Often, the ringing of bells can be heard every hour, on the hour, coming from a place like a church.
But for some of Saturday afternoon, bells could be heard throughout Philipsburg.
It’s thanks to a vendor at Philipsburg Heritage Days that the event was able to showcase a Concert Millennium Carillon — one of three in North America.
A carillon is an instrument that features bells
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A carillon is an instrument that features bells. It’s mounted on a trailer and enclosed by glass. A small entrance in the middle of the unit is made for a person to enter and exit.
This year, Nate Myers, a local pianist and organist, was the player.
While it has characteristics of a piano, Myers said the difference is hitting paddles, instead of keys, that ring the bell to the note of a song.
The total weight for this carillon is 43,000 pounds and includes a 2,000-pound bell — the heaviest in the instrument.
And as it passed the judging area on Presqueisle Street, he played “Victory March,” the Notre Dame fight song as a joke against the instrument’s owner who attended Ohio State.
Heritage Days Chairman Jim Pollock said Brian Michaels, of Winburne, owns a company called New Vibrations Audio and Video, which works on and makes systems for bells and chimes.
For instance, he made the system for the clock at Old Main at Penn State and several others at Big 10 schools.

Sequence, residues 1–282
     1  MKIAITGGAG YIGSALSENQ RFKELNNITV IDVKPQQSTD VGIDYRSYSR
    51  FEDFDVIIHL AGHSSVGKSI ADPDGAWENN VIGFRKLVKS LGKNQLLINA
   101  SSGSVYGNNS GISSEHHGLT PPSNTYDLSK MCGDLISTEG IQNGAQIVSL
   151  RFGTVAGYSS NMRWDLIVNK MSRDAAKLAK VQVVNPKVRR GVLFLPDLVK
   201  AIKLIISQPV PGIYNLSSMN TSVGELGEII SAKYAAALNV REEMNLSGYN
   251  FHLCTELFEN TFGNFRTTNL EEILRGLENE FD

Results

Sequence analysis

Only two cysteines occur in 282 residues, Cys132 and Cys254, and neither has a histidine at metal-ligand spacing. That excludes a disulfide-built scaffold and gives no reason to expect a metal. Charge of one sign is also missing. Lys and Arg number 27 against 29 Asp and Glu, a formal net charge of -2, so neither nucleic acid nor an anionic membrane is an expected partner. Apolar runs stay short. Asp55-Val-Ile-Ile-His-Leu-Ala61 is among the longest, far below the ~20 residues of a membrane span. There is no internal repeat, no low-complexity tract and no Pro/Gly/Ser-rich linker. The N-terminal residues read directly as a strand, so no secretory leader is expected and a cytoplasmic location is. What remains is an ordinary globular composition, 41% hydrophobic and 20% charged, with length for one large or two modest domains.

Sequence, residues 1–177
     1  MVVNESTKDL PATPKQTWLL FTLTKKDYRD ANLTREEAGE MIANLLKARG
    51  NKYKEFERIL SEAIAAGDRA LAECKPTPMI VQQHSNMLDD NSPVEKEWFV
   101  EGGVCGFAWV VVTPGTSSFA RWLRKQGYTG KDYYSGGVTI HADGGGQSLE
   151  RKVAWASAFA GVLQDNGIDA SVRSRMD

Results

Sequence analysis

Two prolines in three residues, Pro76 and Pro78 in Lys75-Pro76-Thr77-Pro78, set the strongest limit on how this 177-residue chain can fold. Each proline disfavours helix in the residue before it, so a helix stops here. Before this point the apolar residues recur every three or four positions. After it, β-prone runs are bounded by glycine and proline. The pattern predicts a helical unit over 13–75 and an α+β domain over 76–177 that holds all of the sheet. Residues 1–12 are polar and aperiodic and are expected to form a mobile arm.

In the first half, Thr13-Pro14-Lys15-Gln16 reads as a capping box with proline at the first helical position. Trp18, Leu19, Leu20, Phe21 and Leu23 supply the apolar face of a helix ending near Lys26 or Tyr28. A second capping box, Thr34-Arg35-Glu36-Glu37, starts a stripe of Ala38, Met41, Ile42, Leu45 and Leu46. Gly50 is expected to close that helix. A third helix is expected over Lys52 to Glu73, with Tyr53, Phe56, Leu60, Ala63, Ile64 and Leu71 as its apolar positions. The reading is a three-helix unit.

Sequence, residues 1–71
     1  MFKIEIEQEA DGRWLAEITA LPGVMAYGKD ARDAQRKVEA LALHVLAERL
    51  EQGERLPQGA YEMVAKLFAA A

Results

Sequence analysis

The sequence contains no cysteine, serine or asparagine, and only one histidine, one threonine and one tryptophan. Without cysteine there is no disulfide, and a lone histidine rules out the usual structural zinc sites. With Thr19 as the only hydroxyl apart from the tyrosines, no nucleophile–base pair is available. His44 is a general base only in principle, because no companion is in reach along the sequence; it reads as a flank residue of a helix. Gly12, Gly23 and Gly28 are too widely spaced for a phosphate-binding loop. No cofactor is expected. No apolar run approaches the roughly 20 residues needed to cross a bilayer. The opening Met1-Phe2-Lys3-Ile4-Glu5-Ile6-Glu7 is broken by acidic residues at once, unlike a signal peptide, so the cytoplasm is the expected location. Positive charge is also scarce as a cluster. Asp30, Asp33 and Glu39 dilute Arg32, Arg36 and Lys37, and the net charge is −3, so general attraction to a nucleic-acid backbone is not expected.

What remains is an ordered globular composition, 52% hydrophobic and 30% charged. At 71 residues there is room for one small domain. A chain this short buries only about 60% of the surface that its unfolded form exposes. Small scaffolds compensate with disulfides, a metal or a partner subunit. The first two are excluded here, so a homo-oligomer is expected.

But one of the biggest attractions is a mobile Concert Millennium Carillon that Michaels helped create for instrument owners from Chime Master, who travel around North America.
1 of 3 carillons in North America was part of Philipsburg Heritage Days parade
On Friday and Saturday, it made a stop at in Philipsburg for Heritage Days before heading to Canada from the parade route.
“There’s only three of these in North America, and we’ve got one,” Pollock said. “It actually might be the only time in history that this will come through Philipsburg.”
It was one of the highlights of the parade Saturday afternoon that also featured about 170 organizations including local high school marching bands, appearances by community sports and clubs, fire apparatuses, and a first-ever veteran salute to kick off the afternoon parade.
There’s so much that goes on with Heritage Days, but the parade is a big part of the homecoming. It’s a community celebration that is a time for local families to come home, and a time of the year that coincides with many other festivals
Jim Pollock, Heritage Days chairman
“There’s so much that goes on with Heritage Days, but the parade is a big part of the homecoming,” Pollock said. “It’s a community celebration that is a time for local families to come home, and a time of the year that coincides with many other festivals.”
For 19 years, Heritage Days was held during the same week and weekend as Central Pennsylvania Festival of the Arts in State College and People’s Choice Festival of Pennsylvania Arts and Crafts in Boalsburg, Pollock said.
The Philipsburg event attracts 18,000 to 20,000 people, Pollock said.
“That’s a number we’ve seen grow over the years,” he said.
This year, event coordinators were able to take in interns from DuBois Business College, who helped create a system to see where guests came from.
DuBois Business College interns helped locate where guests were from
Pollock said the interns mingle with guests, and then use a “pushpin” system that locates peoples’ hometowns.
“We want to make it the best we can and attract people from everywhere, while still making it unique to Philipsburg,” Pollock said.